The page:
Yesterday, the Fed and FDIC released their letters to the bigger foreign banks, i.e. the banks just below the UBS-level. The Fed’s letters were in response to the resolution plans filed in December of 2015. In these letters, the Fed and FDIC expressed what they expected in the next round of resolution plans from these banks due at the end of this year. The Fed conceded that even though these banks are huge, their U.S. activities are of "limited complexity." Only HSBC was given a laundry list of new items that the regulators expected to see in the 2018 Plan
For the first time in my memory, the Congress passed a joint resolution to disapprove a final regulation of a federal agency—in this case the CFPB and the rule was related to arbitration clauses in contracts for consumer financial products. In addition, the agencies amended certain definitions under CRA and these changes should be reflected in CRA policies and procedures at banks. Both the OCC and FDIC published final rules on requirements for Qualified Financial Contracts and introduced required language for larger banks.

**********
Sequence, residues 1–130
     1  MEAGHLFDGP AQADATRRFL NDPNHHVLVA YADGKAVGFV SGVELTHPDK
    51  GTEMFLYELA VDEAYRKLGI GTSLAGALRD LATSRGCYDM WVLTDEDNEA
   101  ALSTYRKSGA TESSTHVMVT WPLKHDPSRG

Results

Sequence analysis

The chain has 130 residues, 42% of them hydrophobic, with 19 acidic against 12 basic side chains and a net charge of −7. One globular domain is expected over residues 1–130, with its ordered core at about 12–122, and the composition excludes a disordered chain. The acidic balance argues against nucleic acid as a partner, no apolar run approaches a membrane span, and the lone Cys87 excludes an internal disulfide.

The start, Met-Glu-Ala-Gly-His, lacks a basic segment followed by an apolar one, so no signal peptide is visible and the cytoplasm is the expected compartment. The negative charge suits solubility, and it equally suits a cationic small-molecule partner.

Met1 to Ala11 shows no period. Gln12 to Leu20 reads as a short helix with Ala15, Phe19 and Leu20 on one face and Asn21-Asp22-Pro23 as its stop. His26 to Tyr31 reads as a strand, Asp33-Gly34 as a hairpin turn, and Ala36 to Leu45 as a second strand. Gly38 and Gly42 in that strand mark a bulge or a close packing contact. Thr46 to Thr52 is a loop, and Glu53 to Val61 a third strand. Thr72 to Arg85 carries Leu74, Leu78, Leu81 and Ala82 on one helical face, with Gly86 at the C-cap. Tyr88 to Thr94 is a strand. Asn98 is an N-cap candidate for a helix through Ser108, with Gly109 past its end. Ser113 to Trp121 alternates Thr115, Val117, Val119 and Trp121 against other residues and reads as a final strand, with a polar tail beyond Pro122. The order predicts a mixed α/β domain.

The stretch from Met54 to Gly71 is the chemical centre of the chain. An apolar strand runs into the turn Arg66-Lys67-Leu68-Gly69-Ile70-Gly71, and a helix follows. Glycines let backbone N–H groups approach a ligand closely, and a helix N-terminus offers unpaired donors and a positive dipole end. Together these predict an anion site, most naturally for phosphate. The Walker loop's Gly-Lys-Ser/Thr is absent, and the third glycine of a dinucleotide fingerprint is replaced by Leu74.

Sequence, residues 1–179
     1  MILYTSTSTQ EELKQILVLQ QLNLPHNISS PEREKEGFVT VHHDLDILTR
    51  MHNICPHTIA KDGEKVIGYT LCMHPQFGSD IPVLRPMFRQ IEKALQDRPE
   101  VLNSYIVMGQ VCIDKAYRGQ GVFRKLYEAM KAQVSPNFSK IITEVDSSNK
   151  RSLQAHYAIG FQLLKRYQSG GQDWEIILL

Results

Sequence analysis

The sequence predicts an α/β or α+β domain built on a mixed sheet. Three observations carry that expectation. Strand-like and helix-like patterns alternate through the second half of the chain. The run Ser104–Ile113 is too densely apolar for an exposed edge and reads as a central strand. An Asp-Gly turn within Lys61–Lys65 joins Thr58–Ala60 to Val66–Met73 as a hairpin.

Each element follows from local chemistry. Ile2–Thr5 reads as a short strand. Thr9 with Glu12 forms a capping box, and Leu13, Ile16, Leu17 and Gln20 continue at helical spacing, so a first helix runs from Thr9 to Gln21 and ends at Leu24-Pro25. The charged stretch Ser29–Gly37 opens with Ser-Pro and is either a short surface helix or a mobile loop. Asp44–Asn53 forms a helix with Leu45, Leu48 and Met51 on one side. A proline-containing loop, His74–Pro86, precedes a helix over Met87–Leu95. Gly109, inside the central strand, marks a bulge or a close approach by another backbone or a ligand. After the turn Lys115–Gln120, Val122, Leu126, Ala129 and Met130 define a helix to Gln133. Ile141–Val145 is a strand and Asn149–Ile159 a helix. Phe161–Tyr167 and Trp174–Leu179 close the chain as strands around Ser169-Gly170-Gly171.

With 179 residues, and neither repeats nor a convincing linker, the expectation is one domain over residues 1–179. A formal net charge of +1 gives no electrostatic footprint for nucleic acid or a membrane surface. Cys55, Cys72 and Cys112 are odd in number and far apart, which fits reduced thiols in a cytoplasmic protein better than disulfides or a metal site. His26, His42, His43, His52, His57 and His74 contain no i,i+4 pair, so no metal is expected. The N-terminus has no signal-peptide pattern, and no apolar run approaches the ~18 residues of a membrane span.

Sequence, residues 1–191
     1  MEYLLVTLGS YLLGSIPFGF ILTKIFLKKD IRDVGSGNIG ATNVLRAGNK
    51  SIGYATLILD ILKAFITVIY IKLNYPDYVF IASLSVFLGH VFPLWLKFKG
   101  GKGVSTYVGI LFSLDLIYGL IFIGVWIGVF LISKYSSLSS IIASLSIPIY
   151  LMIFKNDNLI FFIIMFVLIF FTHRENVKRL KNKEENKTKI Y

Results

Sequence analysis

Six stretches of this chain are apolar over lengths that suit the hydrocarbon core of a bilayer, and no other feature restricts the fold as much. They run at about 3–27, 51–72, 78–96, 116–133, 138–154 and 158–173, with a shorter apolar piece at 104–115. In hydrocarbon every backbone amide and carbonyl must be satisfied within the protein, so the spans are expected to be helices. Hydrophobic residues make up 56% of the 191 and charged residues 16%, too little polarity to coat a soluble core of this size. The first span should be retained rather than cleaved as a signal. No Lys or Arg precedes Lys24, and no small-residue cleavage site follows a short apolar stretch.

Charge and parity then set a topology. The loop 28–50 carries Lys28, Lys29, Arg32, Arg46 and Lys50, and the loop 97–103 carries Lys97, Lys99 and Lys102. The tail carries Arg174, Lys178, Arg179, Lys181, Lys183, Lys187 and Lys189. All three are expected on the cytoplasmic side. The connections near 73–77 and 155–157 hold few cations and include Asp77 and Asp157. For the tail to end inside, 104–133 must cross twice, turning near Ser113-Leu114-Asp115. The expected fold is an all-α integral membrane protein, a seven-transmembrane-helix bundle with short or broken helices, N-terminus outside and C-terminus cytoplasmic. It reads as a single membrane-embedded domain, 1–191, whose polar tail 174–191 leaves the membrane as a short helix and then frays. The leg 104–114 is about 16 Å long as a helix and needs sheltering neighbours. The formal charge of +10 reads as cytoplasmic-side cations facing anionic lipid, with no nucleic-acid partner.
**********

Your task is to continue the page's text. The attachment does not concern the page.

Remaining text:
With a straight face, President Trump has issued an executive order on June 20th that would expand Apprenticeship opportunities in the US in order to expand jobs. The CFTC has adopted some final rules on records administration and its whistleblower program. It has also introduced a new project to evaluate its system of rules to see where simplification is warranted. FinCEN is moving against a Chinese bank that helps North Korea.
The BCFP published a Compliance Bulletin to remind banks that they must have reasonable written policies and procedures to insure that any consumer reporting data they pass on to consumer reporting agencies is accurate and complete. This has been a requirement for some time, but the BCFP has notice an uptick in inaccurate date, particularly with regard to deposit account data. Banks can expect increased focus on these procedures during the next consumer compliance examination. After 7 years of review, the CFTC has determined that Korea has sufficient supervisory systems in place to permit certain Korean swaps entities to do business with U.S. persons. OFAC is abandoning certain reporting requirements in connection with remittance transactions with Cuba.